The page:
Shook Family Dental

Creating a positive experience for those who avoid the dentist.

According to the National Library of Medicine, dental fear and anxiety (DFA) affects about 36% of the population, with an additional 12% of people with extreme dental fear. This fear leads to an avoidance of the dentist and can result in poor oral health.

The dentists at Shook Family Dental, husband and wife team Dr. John and Dr. Monica Shook along with Dr. John’s father, Dr. Randy Shook, see how this anxiety can affect people and their oral health all the time, which is why they are passionate about creating a safe and calming environment for everyone that comes through their doors.

Every new patient at Shook Family Dental gets a consultation with the hygienist or doctor they will be treated by, which includes an assessment of any DFA and how they can help you feel the most at ease.

“We understand that hyping yourself up to even sit in the chair is a really big deal for some people,” Dr. Monica said. “That’s totally valid. You have that need and we’re here to help you with it.”

photo by Kleine Leonard Architectural Photography

For people that have come in with DFA, Shook Dental has headsets to block out any frightening noises, TVs on the walls and ceilings to play anything that may calm or distract you, play music or a podcast that will help you feel the most comfortable, they even have laughing gas for those who need to be sedated.

You can come into the office just to tour it and maybe sit in a chair without getting any dental work done, just so you can become more comfortable with your surroundings. Shook Family Dental also offers same-day crowns to save you time and worrying. They don’t use traditional impressions unless they absolutely have to which can take away a lot of physical trauma and anxiety.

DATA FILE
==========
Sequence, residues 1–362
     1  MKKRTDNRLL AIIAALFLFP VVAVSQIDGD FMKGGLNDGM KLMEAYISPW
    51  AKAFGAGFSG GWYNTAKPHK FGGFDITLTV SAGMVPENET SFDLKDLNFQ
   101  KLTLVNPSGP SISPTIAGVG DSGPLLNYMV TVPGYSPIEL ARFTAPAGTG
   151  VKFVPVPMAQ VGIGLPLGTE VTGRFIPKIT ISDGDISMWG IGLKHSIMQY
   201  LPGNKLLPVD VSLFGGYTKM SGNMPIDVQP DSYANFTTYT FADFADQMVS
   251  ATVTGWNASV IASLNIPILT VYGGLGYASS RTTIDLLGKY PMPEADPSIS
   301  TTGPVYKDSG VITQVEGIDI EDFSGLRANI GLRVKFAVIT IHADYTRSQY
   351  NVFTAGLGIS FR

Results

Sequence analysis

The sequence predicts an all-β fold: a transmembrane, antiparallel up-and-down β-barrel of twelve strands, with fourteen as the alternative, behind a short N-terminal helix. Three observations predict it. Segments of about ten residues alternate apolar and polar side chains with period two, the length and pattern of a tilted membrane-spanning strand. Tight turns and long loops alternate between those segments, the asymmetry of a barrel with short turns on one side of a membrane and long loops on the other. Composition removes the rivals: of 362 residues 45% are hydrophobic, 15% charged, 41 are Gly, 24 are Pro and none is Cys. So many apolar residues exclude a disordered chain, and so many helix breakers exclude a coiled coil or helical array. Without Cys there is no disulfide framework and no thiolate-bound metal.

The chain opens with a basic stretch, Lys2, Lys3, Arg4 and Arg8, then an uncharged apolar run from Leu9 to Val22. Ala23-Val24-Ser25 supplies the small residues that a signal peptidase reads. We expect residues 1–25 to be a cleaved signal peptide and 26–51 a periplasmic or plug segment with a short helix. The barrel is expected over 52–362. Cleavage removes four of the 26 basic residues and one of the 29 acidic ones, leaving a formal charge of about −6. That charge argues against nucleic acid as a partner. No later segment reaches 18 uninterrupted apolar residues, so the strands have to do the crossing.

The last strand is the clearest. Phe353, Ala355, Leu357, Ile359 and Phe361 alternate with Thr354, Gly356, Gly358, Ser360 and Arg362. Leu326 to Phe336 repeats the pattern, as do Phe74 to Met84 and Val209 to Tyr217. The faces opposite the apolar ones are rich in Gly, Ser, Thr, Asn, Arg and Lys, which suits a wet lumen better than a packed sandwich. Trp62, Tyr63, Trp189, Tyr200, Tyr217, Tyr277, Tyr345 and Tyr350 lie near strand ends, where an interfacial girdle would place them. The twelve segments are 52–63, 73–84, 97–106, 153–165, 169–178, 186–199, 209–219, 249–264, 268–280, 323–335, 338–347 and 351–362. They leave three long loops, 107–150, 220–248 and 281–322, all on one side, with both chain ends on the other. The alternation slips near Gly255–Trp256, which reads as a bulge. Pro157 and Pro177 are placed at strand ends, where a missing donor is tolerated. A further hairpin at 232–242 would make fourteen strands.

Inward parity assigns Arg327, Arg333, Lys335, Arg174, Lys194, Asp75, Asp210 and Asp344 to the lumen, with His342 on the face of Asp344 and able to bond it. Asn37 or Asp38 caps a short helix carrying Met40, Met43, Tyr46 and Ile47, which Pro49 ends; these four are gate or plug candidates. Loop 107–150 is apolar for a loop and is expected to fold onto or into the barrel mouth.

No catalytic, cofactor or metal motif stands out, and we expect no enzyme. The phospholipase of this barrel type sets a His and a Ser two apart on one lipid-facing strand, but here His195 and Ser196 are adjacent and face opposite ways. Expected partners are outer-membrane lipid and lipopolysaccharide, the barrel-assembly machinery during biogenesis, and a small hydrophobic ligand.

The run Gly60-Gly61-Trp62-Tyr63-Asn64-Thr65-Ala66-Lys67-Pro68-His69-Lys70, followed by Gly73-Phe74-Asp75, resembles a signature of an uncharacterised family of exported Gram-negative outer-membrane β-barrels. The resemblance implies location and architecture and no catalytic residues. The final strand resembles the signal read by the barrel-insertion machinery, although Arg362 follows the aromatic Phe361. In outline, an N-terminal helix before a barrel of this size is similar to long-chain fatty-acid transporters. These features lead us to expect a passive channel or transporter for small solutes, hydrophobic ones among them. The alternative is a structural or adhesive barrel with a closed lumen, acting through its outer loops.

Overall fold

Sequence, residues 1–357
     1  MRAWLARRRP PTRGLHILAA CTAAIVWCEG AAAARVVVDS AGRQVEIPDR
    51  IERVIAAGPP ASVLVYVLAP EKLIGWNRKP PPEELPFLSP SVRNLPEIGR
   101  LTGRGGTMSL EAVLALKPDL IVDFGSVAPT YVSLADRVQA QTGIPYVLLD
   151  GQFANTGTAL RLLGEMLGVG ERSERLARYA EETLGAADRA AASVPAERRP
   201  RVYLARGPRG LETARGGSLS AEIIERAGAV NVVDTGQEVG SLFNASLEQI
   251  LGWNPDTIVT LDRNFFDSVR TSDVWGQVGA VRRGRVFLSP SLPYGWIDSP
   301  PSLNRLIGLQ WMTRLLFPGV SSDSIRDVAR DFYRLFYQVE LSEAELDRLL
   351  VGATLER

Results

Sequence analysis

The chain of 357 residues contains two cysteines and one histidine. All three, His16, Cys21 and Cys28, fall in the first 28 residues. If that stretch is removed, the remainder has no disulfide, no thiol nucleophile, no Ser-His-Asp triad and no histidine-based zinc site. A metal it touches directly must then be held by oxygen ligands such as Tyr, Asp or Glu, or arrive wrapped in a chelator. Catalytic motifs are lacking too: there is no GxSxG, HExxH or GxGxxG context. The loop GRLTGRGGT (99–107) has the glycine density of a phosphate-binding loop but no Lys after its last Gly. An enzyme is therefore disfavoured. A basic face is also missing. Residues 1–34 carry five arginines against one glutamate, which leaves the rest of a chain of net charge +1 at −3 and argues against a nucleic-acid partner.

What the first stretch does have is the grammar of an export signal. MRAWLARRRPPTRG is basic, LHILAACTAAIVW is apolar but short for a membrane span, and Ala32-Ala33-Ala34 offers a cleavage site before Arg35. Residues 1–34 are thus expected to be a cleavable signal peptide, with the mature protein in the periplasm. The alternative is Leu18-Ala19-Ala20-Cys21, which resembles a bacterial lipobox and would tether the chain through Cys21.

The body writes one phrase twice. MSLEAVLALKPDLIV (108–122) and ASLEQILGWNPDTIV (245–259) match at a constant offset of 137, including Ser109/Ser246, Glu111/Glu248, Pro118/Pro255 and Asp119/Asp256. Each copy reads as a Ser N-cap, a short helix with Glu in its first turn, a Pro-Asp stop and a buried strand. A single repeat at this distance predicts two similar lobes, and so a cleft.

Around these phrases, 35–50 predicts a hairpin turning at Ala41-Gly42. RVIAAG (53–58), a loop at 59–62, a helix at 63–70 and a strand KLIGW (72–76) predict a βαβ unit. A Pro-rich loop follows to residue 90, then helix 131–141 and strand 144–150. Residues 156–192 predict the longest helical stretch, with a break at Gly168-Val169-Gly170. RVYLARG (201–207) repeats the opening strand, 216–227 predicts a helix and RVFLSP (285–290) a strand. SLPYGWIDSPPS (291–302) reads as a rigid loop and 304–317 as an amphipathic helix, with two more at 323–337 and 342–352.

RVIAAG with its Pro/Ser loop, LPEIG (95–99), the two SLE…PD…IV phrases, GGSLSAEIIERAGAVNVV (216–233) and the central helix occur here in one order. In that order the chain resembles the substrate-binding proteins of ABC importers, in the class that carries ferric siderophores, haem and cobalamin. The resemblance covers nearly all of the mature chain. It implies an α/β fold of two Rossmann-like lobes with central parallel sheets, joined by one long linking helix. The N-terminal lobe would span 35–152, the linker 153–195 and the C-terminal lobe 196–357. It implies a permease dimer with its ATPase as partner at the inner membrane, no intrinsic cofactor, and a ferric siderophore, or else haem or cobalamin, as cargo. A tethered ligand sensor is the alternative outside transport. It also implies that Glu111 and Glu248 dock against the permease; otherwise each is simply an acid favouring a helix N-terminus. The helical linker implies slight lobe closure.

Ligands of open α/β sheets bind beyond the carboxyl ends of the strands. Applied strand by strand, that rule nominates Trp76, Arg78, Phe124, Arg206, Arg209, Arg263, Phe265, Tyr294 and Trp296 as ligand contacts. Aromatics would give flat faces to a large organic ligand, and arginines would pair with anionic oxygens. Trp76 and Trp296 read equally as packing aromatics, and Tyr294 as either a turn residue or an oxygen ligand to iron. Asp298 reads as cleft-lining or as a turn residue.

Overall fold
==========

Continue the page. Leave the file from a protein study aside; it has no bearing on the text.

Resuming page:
Whether your fear comes from a physical trigger in the dental process or bad experiences in the past, the whole team at Shook will accommodate you so that you feel as safe and as calm as possible.

“We try to learn where the fear stems from to help alleviate it,” Dr. Monica said. “Maybe we don’t lean your chair back all the way, maybe we take breaks and breathers. Knowing you have control, knowing we take the breaks, knowing that if you raise your hand we stop immediately because we’re on your schedule. All of that can help put you at ease.”

People will often avoid the dentist altogether because of their anxieties, but both Dr. John and Dr. Monica say that putting off going to the dentist can actually continue to deepen your fear of going.

“I think it’s even more important to go to the dentist the more anxious you are,” Dr. Monica said. “You’re going to reinforce that dental anxiety the more you put things off until there is a problem because then every experience you have at the dentist will be an intervention or even a painful one.”

“A filling of a smaller cavity is way cheaper and way less traumatic than coming in with a swollen face because that small cavity got huge and now it’s painful,” Dr. John added.

This is crucial for children as well, they said, because reinforcing a positive experience at the dentist at a young age can help prevent future dental anxieties. The TVs in the office come in handy for this because, as Dr. John explained, “Lots of kids like watching shows and it’s amazing, they just zone out. It’s better than the nitrous.”

Another huge barrier to the dentist for a lot of people is the cost, especially for those who may not have dental insurance. Shook Family Dental has a membership program for those without insurance to try and keep the cost down as much as they can so that anyone can get the preventative care that they need.

No matter your fears or situation, the whole Shook Team is committed to making sure your experience is pleasant and calming.

“There’s not a culture of shaming people here for not coming to the dentist,” Dr. John said. “We understand that no one wants to come to the dentist. I’ve heard from so many people that they avoided the dentist because the last time they went they got lectured. We’re not going to lecture you. You’re here, and that’s the biggest thing you can do for your oral health.”